Your goal: to fatigue your muscles by the end of each set, without sacrificing form. This gets you more calorie-torching, muscle-building benefits, Reed says.
Try This Weight Loss-Friendly Full-Body Workout
Ready to burn calories, build fat-fighting muscle and sweat your way one step closer to your weight-loss goals? Get started with the following workout, courtesy of Chesworth. It's a great way to work all of your muscles when you're crunched for time — and requires zero equipment.
Do: as many rounds as possible (AMRAP) in 20 minutes of the following:
- 20 jumping jacks
- 15 squats
- 10 push-ups
- 5 supermans
Move 1: Jumping Jack
- Start standing with a slight bend in your knees, feet together, arms by your sides.
- Simultaneously jump both feet apart and swing your arms out to the sides and then up overhead.
- Hop both feet together and swing your arms back down to the starting position.
Move 2: Squat
- Extend your arms out in front of you and slowly bend your knees as you push your hips back to squat down. Focus on lowering your body as if you were going to sit on a chair.
- Squat down until your thighs are parallel with the floor, or as low as you can go comfortably while maintaining good form. Your knees should be over your toes and your gaze should be straight ahead.
- Pause for a moment at the bottom of your squat.
- On an exhale, reverse the motion by pressing through your heels to return to standing. As you stand, lower your arms back to your sides.
Move 3: Push-Up
- Begin in a high plank with your core and glutes engaged. Your shoulders should be stacked over your wrists and your hips should be in line with your head and heels.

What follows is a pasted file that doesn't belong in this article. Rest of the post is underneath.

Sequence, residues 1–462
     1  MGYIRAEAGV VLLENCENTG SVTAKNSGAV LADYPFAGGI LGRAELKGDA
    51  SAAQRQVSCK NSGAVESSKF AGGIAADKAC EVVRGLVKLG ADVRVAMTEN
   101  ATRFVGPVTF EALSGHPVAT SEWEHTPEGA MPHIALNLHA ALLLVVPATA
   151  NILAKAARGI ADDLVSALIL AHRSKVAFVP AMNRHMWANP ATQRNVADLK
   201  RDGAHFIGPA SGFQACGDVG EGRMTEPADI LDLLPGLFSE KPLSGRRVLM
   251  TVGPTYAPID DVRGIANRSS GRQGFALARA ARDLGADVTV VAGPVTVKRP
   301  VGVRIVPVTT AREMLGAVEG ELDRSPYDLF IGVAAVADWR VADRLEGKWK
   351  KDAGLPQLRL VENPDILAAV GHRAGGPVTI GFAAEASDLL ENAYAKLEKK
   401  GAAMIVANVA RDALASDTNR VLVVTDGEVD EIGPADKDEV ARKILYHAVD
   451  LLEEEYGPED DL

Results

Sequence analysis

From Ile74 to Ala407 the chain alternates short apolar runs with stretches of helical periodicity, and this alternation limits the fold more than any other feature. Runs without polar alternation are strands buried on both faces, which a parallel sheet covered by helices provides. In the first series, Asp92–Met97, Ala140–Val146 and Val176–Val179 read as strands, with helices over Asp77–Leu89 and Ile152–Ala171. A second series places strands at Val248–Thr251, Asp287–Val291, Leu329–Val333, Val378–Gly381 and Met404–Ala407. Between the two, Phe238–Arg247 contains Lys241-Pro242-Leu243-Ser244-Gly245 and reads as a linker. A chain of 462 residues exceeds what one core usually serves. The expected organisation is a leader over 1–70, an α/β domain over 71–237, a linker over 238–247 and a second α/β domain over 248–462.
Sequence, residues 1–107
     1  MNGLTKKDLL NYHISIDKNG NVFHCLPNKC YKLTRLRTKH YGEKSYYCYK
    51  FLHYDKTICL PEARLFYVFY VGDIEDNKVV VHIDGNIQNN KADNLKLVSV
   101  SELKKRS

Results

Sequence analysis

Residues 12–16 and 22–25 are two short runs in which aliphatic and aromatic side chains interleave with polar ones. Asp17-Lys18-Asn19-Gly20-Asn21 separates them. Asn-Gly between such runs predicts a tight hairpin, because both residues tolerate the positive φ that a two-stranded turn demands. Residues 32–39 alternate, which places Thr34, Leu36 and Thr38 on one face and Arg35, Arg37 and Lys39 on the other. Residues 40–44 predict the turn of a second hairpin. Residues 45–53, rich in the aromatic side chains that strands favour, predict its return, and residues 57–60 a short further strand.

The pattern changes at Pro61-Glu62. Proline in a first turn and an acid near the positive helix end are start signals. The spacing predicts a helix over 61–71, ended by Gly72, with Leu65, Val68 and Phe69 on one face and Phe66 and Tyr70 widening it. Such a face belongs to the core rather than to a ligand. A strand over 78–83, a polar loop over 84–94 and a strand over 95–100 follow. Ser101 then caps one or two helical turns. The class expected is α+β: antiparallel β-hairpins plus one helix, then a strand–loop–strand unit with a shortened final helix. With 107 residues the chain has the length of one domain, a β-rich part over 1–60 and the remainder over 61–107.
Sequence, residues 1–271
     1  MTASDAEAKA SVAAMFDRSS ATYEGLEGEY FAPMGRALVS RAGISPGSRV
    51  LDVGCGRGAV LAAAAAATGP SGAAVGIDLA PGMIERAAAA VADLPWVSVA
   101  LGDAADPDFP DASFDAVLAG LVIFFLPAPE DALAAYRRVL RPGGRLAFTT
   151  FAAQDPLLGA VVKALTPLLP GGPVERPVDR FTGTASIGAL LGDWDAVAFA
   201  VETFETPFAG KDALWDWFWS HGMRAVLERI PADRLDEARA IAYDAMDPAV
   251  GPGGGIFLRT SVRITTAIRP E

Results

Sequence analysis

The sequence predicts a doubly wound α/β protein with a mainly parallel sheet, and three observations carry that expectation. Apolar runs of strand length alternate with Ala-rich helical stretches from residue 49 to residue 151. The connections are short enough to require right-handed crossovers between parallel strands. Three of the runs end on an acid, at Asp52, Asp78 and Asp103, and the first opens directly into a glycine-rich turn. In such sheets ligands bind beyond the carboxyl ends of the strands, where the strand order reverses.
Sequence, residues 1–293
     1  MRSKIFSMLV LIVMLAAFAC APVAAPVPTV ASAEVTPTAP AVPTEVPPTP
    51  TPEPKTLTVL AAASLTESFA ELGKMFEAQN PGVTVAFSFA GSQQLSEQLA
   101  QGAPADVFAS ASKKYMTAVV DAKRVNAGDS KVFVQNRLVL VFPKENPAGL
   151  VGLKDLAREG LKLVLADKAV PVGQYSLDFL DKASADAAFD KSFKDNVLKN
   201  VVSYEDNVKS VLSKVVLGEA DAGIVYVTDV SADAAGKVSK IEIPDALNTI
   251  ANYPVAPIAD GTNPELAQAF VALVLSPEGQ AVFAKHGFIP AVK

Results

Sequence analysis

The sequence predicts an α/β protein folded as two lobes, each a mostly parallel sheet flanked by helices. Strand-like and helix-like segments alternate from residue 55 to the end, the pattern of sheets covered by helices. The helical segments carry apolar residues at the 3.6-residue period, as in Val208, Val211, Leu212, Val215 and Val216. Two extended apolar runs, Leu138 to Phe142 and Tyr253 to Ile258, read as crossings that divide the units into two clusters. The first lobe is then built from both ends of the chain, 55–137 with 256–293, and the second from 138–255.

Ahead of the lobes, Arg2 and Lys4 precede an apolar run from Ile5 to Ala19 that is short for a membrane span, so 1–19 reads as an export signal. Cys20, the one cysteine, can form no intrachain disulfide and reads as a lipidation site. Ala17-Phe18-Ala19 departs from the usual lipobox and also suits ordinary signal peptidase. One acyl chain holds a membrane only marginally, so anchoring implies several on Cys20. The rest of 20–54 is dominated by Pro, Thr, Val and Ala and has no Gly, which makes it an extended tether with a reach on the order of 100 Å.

- Bend at the elbows at about a 45-degree angle from your torso and lower your body toward the ground. On the way down, squeeze your shoulder blades together.
- When your chest hovers just above the ground (or however far down you can go), press into your palms and push your shoulder blades apart to return to the starting position.
Move 4: Superman
- Lie on your stomach with your legs and arms extended. Your feet should be about hip-width apart and your biceps should be alongside your ears.
- Squeeze your glutes and engage your back to raise your legs, torso and arms off the floor. Keep your legs straight and reach your fingertips away from you.
- Hold at the top of the exercise for five counts.
- Lower back down with control.
Don't Ignore Nutrition
Helpful as full-body workouts can be in reaching your weight-loss goals, they're not the only piece of the puzzle.
"Nutrition is typically about 80 percent of the weight-loss game," Chesworth says. "However, those who are more physically active tend to keep weight off better than those who are not." Indeed, regular physical activity is key in maintaining weight loss, according to Johns Hopkins Medicine, even at lower intensities.
To make sure your nutrition doesn't sabotage your full-body workout efforts, focus on making all-around healthier food choices rather than "dieting," Reed says. "'Dieting' means you are restricting. Healthy eating is not about perfection; it's about the small changes you can make each day."
- Biology of Sport: "The effects of two equal-volume training protocols upon strength, body composition and salivary hormones in male rugby union players"
- ACSM Guidelines for Strength Training
- Proceedings of the Nutrition Society: "Physical Activity and Resting Metabolic Rate"
- Current Sports Medicine Reports: "Resistance Training is Medicine: Effects of Strength Training on Health"
- Nutrition, Metabolism, and Cardiovascular Diseases: "Is High-Intensity Exercise Better Than Moderate-Intensity Exercise for Weight Loss?"
- Johns Hopkins Medicine: "Maintaining Weight Loss"